So why aren’t more women, with presumably similar advantages, joining the tables? There’s no skill needed in poker which women don’t commonly possess, yet the female representation at both casinos and tournaments is well under 8%. Discriminating presumptions of players and sexist advertising could be part of the problem, Ho believes. “There’s a prevailing environment in poker where guys often go out of their way to make women feel uncomfortable. Everything I’ve ever heard from women talking about poker is that they think it’s strange to stick out as a minority. Men are always watching you and they have automatic assumptions. They think you must have been taught poker by your boyfriend, or that you’re only playing for fun, or doing it for attention. It makes women feel like they don’t belong.” So how is the problem solved? According to Ho, everyone has a role to play when it comes to increasing female participation.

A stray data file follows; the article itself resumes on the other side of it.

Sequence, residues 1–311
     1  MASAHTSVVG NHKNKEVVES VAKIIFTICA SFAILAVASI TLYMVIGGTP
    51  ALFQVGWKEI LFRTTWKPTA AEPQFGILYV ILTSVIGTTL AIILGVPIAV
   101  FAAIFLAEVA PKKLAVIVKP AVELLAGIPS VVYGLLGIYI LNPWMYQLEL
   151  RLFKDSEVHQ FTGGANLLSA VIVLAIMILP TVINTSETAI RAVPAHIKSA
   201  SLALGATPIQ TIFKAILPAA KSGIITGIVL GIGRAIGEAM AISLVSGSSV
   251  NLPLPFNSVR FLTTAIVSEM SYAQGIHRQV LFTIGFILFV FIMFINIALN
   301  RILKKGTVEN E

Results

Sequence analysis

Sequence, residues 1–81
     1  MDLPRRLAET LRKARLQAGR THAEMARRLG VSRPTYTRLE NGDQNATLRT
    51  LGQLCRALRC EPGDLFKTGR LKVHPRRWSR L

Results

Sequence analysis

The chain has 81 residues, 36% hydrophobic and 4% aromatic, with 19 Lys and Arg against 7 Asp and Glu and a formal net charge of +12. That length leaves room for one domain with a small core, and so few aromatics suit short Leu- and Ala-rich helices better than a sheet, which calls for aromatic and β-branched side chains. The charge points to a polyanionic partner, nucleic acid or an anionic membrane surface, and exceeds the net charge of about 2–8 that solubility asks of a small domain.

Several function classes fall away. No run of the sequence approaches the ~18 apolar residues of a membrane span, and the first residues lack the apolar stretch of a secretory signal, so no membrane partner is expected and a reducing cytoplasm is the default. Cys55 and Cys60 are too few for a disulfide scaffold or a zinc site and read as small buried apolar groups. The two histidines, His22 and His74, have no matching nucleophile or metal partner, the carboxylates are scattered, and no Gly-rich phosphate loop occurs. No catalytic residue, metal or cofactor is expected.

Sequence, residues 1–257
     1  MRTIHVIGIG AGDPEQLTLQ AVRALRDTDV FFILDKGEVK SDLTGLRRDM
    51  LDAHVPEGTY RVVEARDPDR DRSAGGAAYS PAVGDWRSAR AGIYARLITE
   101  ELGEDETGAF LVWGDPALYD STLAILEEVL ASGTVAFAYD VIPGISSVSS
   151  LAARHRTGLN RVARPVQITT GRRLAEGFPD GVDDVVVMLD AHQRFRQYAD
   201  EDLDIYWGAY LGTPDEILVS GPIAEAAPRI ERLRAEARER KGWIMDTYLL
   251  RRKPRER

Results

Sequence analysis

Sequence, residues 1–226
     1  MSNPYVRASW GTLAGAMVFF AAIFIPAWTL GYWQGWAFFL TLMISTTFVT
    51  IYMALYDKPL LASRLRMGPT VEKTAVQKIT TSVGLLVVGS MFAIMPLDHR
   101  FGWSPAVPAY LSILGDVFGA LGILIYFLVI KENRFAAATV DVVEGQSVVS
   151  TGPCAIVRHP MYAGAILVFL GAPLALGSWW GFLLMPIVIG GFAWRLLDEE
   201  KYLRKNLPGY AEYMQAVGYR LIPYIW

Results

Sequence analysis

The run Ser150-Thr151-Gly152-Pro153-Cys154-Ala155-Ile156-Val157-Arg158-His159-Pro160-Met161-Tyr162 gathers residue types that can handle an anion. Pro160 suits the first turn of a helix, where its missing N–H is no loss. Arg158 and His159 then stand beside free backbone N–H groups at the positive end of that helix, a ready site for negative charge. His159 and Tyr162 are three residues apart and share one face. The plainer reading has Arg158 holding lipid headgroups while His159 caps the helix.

“I think because the advertisement is targeted towards men, it’s a turn-off for women to see themselves portrayed in these adverts as objects to look at, rather than real competitors.”

There are other females, aside from the sexualised young women featured in ads, that can be spotted at poker tournaments - yet few of them are actual players. Instead, female representation at these tournaments is primarily reduced to a small number of roles, from promotional models to waitresses and all-female masseuses - all of which with the purpose of serving male players.